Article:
A multi-pass scheme has been implemented to help decode weaker signals. After the first pass any remaining signals will be rerun through the decoder with increased effort parameters (that take more decoding time) until the full two minute decoding interval is exhausted. Previously decoding was stopped after only one pass.

    The main KiwiSDR control panel at the bottom right of the window finally has a "hide" button at the top right like the other panels. This should be helpful for iPad and other mobile device users.

    KA7USergeWA2ZKD
  • release v1.72/73: WSPR decoder improvements, control panel hide button

    Strong signals often cause weaker "images" at different frequencies in the WSPR display. The underlying cause is still not understood. But now spots with the same callsign will only have the strongest one uploaded to prevent polluting the wsprnet.org database. You'll still see multiple spots in the WSPR viewer because they are displayed incrementally as they are decoded. But at the end only the strongest non-duplicates will be uploaded.

    A multi-pass scheme has been implemented to help decode weaker signals. After the first pass any remaining signals will be rerun through the decoder with increased effort parameters (that take more decoding time) until the full two minute decoding interval is exhausted. Previously decoding was stopped after only one pass.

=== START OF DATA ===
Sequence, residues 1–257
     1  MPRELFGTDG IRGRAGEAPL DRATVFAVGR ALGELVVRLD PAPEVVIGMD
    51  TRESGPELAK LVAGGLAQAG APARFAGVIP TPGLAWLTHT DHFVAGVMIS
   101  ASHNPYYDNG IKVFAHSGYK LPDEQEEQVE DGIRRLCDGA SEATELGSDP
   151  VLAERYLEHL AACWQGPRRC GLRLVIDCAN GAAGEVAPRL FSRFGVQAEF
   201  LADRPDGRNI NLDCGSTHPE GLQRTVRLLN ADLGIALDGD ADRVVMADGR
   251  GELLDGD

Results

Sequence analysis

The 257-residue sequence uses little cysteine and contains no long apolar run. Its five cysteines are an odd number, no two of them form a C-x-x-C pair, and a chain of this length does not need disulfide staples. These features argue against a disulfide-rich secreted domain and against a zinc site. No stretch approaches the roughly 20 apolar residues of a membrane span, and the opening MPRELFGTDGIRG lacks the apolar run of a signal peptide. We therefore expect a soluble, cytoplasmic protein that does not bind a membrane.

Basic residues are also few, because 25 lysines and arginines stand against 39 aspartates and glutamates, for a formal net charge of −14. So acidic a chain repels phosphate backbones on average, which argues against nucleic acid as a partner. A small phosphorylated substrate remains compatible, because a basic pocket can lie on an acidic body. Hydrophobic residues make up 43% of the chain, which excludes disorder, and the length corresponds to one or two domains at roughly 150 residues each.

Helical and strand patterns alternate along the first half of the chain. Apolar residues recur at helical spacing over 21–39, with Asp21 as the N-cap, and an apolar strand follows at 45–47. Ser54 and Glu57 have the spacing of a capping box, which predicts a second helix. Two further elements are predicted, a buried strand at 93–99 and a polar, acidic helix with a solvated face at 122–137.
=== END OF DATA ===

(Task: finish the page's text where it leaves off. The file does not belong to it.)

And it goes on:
The main KiwiSDR control panel at the bottom right of the window finally has a "hide" button at the top right like the other panels. This should be helpful for iPad and other mobile device users.

    KA7USergeWA2ZKD
  • release v1.72/73: WSPR decoder improvements, control panel hide button

    Strong signals often cause weaker "images" at different frequencies in the WSPR display. The underlying cause is still not understood. But now spots with the same callsign will only have the strongest one uploaded to prevent polluting the wsprnet.org database. You'll still see multiple spots in the WSPR viewer because they are displayed incrementally as they are decoded. But at the end only the strongest non-duplicates will be uploaded.

    A multi-pass scheme has been implemented to help decode weaker signals. After the first pass any remaining signals will be rerun through the decoder with increased effort parameters (that take more decoding time) until the full two minute decoding interval is exhausted. Previously decoding was stopped after only one pass.

    The main KiwiSDR control panel at the bottom right of the window finally has a "hide" button at the top right like the other panels. This should be helpful for iPad and other mobile device users.

    KA7USergeWA2ZKD
  • How do you use your SDR

    I'd also like to know how many people are reluctant to make their Kiwi public due to bandwidth consumption concerns. Either because their Internet service has a low monthly cap (several to tens of GB) or because the Kiwi doesn't yet have tools for displaying and throttling bandwidth use.

    WA2ZKD